We know from exposing polished enamel to an acid bath that the sides of the crystals – the grain boundaries – dissolved much more rapidly than the ends. The resulting structure looks like a forest of nanowires, as shown above on the right. Researchers had suspected this had to do with the presence of magnesium and other ions at the grain boundaries. But it had been impossible to prove why the grain boundaries were more vulnerable to acid than the ends of the crystals.
 Atom Probe Tomography Cracks The Case of why this occurs
Researchers turned to atom probe tomography (APT) to answer the question. Atom probe uses ultraviolet laser pulses to evaporate single atoms or small clusters from the surface of the material one wants to analyze, and a very high electric field that strips electrons from the evaporated atoms and creates ions. Then the ions are projected onto a position-sensitive detector and their mass-to-charge ratio is determined by their time-of-flight. Using atom probe, we can make distinctions that are as small as a fraction of a nanometer – very tiny, considering a human hair is about 100,000 times wider than that.
 By picking apart enamel specimens atom-by-atom and layer-by-layer, we are now able to build a 3-D map of millions of different atoms in small pieces of rat and mouse enamel (commonly used as model systems for human enamel). Best of all, we can see where all the different ions – for example, magnesium or fluoride – are in the enamel’s structure to try understand what they do.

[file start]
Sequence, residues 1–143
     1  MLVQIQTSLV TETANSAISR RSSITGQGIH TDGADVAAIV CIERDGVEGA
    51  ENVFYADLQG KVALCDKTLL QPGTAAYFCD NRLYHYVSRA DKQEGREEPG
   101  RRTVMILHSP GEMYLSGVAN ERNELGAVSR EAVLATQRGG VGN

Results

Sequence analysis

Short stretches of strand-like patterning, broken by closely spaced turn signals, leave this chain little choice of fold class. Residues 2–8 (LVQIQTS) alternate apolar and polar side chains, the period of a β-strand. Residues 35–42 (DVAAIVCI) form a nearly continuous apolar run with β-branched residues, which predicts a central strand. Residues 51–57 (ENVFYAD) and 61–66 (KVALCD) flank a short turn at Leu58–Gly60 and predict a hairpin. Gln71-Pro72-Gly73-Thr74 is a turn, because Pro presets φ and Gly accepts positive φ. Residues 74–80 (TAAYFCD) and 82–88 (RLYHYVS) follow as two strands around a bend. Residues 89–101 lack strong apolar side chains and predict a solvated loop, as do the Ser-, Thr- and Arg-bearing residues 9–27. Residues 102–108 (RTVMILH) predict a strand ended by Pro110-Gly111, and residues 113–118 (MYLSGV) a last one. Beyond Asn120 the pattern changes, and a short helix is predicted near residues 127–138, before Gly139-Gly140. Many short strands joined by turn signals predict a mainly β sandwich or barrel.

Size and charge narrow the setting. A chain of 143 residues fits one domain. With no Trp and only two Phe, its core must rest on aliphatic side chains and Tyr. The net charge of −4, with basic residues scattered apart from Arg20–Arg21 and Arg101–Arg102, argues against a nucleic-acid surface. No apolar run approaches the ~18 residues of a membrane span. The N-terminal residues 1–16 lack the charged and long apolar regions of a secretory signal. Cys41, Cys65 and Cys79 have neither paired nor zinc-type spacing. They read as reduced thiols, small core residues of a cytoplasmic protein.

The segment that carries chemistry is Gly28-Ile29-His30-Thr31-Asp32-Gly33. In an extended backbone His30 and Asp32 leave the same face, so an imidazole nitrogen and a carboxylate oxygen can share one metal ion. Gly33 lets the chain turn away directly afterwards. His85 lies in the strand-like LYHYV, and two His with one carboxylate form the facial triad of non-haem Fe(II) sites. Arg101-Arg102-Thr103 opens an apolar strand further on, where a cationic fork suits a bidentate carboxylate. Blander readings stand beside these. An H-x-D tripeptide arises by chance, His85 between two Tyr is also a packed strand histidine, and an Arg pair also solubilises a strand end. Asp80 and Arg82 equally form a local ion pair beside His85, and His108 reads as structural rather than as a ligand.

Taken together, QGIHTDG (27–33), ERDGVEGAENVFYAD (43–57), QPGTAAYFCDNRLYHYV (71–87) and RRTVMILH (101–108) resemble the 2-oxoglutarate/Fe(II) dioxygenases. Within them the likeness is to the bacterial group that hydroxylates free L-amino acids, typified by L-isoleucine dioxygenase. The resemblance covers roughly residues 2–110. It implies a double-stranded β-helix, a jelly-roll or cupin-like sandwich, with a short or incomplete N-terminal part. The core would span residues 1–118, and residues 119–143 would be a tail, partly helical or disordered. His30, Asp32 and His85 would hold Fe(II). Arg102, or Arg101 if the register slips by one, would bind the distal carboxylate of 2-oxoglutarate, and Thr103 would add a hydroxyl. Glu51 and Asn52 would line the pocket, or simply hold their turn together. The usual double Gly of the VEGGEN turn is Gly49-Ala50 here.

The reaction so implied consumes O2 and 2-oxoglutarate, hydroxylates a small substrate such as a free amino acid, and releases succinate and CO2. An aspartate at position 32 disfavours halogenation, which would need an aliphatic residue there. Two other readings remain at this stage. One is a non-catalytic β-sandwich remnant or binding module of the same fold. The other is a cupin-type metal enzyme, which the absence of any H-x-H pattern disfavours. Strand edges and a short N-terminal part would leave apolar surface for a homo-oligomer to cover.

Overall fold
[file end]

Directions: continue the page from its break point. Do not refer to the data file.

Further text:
We have found that in mouse enamel, the magnesium ions are almost all at the grain boundaries, or ‘between the spaghetti’ like rods pictured above. We've also discovered that there are special grain boundaries where three or more crystals meet that have an even higher magnesium concentration. We were surprised to see that the environment around the magnesium ions is not ordered as in a crystal. In this way, it is very similar to what we see in chlorphyll molecule in a leaf. This finding is evidence that there’s a different kind of material or ‘phase’ in between the crystalline nanowires, gluing them together electrostatically. This implies the redox potential of the local environment is critical in teeth as it is in a leaf under sunlight's power. Right now most dental professionals are unaware of these connections. We call it magnesium-rich amorphous calcium phosphate (Mg-ACP) in teeth.